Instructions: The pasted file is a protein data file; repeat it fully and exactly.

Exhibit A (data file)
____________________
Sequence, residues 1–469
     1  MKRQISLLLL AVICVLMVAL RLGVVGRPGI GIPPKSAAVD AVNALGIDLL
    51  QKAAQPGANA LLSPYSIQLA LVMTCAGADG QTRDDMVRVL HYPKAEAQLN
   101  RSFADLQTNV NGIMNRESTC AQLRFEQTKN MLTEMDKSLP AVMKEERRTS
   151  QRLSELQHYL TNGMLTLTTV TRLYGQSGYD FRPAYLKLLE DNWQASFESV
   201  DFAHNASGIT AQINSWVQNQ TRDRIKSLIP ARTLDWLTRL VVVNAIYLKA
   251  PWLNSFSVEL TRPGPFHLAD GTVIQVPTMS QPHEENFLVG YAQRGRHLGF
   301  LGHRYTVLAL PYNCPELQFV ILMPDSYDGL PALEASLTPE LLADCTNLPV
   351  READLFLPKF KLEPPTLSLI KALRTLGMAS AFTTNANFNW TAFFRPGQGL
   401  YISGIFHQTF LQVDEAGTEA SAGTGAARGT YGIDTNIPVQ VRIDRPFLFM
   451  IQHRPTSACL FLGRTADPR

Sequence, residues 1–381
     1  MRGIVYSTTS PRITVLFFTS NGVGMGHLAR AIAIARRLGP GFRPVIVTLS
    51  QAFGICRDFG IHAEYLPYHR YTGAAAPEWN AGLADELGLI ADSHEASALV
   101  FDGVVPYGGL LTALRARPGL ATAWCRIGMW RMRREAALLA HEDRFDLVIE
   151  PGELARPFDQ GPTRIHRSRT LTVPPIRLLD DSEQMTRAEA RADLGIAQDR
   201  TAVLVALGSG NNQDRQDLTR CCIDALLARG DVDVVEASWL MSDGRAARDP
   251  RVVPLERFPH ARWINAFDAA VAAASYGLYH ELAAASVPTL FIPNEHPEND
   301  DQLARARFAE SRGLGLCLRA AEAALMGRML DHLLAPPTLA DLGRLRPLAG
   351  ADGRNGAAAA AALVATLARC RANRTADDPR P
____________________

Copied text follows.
Sequence, residues 1–469
     1  MKRQISLLLL AVICVLMVAL RLGVVGRPGI GIPPKSAAVD AVNALGIDLL
    51  QKAAQPGANA LLSPYSIQLA LVMTCAGADG QTRDDMVRVL HYPKAEAQLN
   101  RSFADLQTNV NGIMNRESTC AQLRFEQTKN MLTEMDKSLP AVMKEERRTS
   151  QRLSELQHYL TNGMLTLTTV TRLYGQSGYD FRPAYLKLLE DNWQASFESV
   201  DFAHNASGIT AQINSWVQNQ TRDRIKSLIP ARTLDWLTRL VVVNAIYLKA
   251  PWLNSFSVEL TRPGPFHLAD GTVIQVPTMS QPHEENFLVG YAQRGRHLGF
   301  LGHRYTVLAL PYNCPELQFV ILMPDSYDGL PALEASLTPE LLADCTNLPV
   351  READLFLPKF KLEPPTLSLI KALRTLGMAS AFTTNANFNW TAFFRPGQGL
   401  YISGIFHQTF LQVDEAGTEA SAGTGAARGT YGIDTNIPVQ VRIDRPFLFM
   451  IQHRPTSACL FLGRTADPR

Sequence, residues 1–381
     1  MRGIVYSTTS PRITVLFFTS NGVGMGHLAR AIAIARRLGP GFRPVIVTLS
    51  QAFGICRDFG IHAEYLPYHR YTGAAAPEWN AGLADELGLI ADSHEASALV
   101  FDGVVPYGGL LTALRARPGL ATAWCRIGMW RMRREAALLA HEDRFDLVIE
   151  PGELARPFDQ GPTRIHRSRT LTVPPIRLLD DSEQMTRAEA RADLGIAQDR
   201  TAVLVALGSG NNQDRQDLTR CCIDALLARG DVDVVEASWL MSDGRAARDP
   251  RVVPLERFPH ARWINAFDAA VAAASYGLYH ELAAASVPTL FIPNEHPEND
   301  DQLARARFAE SRGLGLCLRA AEAALMGRML DHLLAPPTLA DLGRLRPLAG
   351  ADGRNGAAAA AALVATLARC RANRTADDPR P